Archive » August 6, 2009
By Terri Schlichenmeyer, Contributing Writer
Mistress of the Game’
by Tilly Bagshawe
Eenie, meenie, minie, mo. Remember when playing games was a pastime? Shake the dice with two fists and move the appropriate number of squares. If you can’t bluff, fold ’em. Whoever gets to 500 points loses — or wins, depending on what you’re playing and who you’re playing with, because games have rules that you can change, even if you want to.
But sometimes the rules of grown-up games are strictly set and the stakes are more than mere bragging rights.
In the new book “Sidney Sheldon’s Mistress of the Game.” by Tilly Bagshawe, the loser of this skirmish may end up penniless.
As Kate Blackwell’s coffin was lowered into the ground, Alexandra Templeton and Eve Blackwell Webster stood sobbing over their grandmother’s remains. Iron-fisted Kate had ruled over Kruger Brent for decades. She made the corporation the giant that it was, and now her only remaining heirs were grieving. But just one face had authentic tears.
Identical at birth, Eve and Alexandra were completely different now, physically and otherwise. Alexandra, glowing with pregnancy, was her grandmother’s favorite and heir to the company. Eve, the victim of plastic surgery gone awry, was as disfigured inside as she was outside. Though she, too, was pregnant, the glow emanating from her face came from burning anger.
Seeing Kate Blackwell’s remains sent underground made Eve smile. She hated her grandmother, and she hated her sister. So when Alexandra died giving birth, Eve rejoiced. There was one less bother on her quest to regain control over Kruger Brent.
Despite a traumatic kidnapping when she was a child, motherless Lexi Templeton grew up to be a beautiful media darling, and rumor had it that she would be the next CEO of Kruger Brent. Handsome, dark-eyed Max, Lexi’s cousin, inherited his father’s looks and Eve’s hatred for the other side of the Blackwell family, but his intelligence made him a valid contender, too.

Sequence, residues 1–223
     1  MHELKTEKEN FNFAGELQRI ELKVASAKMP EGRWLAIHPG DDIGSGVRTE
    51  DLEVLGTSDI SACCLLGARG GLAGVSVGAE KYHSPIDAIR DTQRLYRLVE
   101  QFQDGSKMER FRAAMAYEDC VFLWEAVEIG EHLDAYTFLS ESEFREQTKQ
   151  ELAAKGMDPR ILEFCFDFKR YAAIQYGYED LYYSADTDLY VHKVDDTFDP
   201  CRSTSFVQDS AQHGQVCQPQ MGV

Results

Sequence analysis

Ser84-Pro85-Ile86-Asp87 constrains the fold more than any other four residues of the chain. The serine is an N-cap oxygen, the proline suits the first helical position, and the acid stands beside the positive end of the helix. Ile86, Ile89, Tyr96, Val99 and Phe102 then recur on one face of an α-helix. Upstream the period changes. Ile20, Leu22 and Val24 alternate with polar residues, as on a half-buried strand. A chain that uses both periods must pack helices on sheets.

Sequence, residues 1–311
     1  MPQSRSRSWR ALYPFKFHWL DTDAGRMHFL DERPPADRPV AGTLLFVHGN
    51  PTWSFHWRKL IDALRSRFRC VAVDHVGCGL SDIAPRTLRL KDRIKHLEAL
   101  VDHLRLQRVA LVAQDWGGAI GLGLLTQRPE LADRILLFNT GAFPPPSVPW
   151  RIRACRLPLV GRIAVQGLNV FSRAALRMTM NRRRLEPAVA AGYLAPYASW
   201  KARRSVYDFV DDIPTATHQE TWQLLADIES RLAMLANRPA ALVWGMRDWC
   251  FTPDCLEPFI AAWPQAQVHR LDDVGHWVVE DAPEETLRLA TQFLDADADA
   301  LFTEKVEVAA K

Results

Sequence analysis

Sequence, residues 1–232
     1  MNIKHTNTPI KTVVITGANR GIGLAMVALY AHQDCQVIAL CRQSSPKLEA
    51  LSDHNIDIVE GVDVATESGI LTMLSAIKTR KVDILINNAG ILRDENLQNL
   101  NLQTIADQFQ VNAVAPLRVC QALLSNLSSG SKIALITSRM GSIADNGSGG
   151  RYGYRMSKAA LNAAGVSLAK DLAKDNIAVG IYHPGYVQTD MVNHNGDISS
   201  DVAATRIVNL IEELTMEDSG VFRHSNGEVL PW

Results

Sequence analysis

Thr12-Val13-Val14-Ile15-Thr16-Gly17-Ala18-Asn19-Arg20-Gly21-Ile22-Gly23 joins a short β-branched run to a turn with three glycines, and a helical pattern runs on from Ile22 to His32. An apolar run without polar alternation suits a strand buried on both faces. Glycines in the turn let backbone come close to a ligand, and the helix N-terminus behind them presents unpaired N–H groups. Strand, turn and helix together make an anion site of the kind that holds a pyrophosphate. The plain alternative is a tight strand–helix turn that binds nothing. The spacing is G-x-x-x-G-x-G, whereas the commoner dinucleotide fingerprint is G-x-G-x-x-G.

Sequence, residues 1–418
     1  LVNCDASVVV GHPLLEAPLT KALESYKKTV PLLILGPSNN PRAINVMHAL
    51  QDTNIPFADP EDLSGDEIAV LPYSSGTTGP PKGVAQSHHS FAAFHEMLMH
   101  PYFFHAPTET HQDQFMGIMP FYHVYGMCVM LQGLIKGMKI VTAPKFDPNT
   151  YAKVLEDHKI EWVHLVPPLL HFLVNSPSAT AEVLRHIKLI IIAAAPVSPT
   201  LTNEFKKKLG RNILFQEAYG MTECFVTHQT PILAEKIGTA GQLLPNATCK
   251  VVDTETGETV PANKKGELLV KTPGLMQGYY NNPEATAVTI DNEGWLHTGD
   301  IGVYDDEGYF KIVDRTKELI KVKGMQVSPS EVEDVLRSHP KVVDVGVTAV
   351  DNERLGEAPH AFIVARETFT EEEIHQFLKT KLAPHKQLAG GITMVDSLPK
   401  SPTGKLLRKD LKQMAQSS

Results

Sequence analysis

Both Lexi and Max had their supporters and detractors at Kruger Brent, and neither trusted the other — for good reason.
Max was fueled by his mother’s hatred, but he severely underestimated his cousin. Kate Blackwell was ruthless in growing the corporation. And Lexi very definitely had her great-grandmother’s blood in her veins.
Following author Sidney Sheldon’s death in early 2007, it was inevitable that his family would hire someone to continue writing under his name. Readers should rejoice in their choice of Tilly Bagshawe.
With over-the-top wealthy characters who jet to other countries as easily as most of us cross the street, furtive financial wars and barrelsful of scandal, it’s easy to develop a love-hate relationship with almost everyone in this book. Yet the story wasn’t predictable, and the ending was satisfying.
While I’m generally doubtful of these writing-under-the-name-of kinds of sequels, I’m happy to say that “Mistress of the Game” is very, very close to being vintage Sheldon.
Scandal-lovers should buy this book, or take their turn at the library because it’s a great deal of fun.
In fact, missing “Mistress of the Game” could be dicey.
“Sidney Sheldon’s Mistress of the Game”
by Tilly Bagshawe c.2009,
William Morrow, $25.99, 336 pages